The commentary published by David Mandell  provides some food for thought today pertinent to the on-going debate about "how and where to house adults with autism."
I've kinda touched upon this complicated subject in past blog posts (see here) but wouldn't dare think that any quick and easy solutions are going to be forthcoming on this important topic.
Housing for those on the autism spectrum (and beyond) has a patchy history across the globe. From the dark days of mass institutionalisation of those with psychiatric and developmental disabilities to moves towards 'care in the community', one can almost chart how society's views and attitudes to some of its most vulnerable people have seemingly advanced in a relatively short space of time. As Mandell points out: "institutions and the practices that occur within them were hidden from public view, which led to little accountability and serious abuses" reflecting how moves towards "greater observability and accountability" have probably been a primary driver in the switch in housing options.
But all has not been plain sailing in this transition. Many people here in Blighty remember those harrowing scenes filmed in places such as Winterbourne View, a place meant to be 'home' for many people, and with it, meant to provide all the trappings of home such as happiness, comfort and dignity; all sadly lacking in that case. There have, as Mandell also acknowledges, also been serious misgivings about how community services serve all those on the autism spectrum particularly when "caring for individuals with more profound impairments." A recent and relevant example of this can be read here. Balancing civil rights such as "inclusion and community participation" with basic needs such as actually finding suitable housing arrangements is a task still faced by far too many.
As I've said, there are no quick and easy solutions to ensuring that housing services meet everyone's needs. I do like the ideas that Mandell discusses in terms of a change of focus when it comes to housing arrangements in the context of autism, where "happiness and life satisfaction" and care quality are key over and above generic requirements such as inclusion and community participation. By saying that I'm not suggesting that inclusion and community participation aren't and shouldn't be important (see here for example) but rather that mandating them when it comes to residential options for those on the autism spectrum perhaps risks putting a 'one-size-fits-all' recommendation on what is supposed to be a personalised and tailored core issue. Living in the countryside or remote areas as quite a few people in the general population also do - "segregated farming communities" - should not for example, be viewed as 'a worse option' if and when someone is happy in such a setting and experiences a good quality of life. Even worse, that by housing people in "poor neighborhoods with few opportunities for community engagement" purely on the basis of concepts such as social inclusion, risks putting vulnerable adults in an even more vulnerable position (combining at a time when care resources and finances are already reaching breaking point).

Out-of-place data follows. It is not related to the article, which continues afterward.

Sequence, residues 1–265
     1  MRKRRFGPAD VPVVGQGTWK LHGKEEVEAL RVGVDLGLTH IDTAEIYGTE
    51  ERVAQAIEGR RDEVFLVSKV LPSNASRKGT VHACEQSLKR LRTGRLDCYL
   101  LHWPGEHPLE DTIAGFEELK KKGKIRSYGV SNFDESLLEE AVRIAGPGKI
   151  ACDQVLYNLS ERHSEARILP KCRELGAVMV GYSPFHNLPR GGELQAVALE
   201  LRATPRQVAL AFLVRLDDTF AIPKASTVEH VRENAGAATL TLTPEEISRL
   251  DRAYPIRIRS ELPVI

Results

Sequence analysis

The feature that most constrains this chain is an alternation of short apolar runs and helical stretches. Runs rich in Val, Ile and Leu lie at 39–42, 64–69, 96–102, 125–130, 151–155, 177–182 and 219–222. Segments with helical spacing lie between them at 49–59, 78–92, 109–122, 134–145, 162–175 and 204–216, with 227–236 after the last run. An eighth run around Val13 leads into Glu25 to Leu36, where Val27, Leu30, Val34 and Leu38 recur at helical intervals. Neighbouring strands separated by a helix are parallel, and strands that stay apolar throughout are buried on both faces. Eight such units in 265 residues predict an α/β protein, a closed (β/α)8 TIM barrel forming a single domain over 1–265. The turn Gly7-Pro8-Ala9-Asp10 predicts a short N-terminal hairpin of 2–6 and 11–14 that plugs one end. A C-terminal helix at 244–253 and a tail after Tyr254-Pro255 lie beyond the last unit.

And when it comes to residential placement for children when required  similar considerations also might apply... happiness, life satisfaction and good quality care and support. Simple.
 Mandell DS. A house is not a home: The great residential divide in autism care. Autism. 2017 Oct;21(7):810-811.
 Benderix Y. et al. Parents' experience of having a child with autism and learning disabilities living in a group home: a case study. Autism. 2006 Nov;10(6):629-41.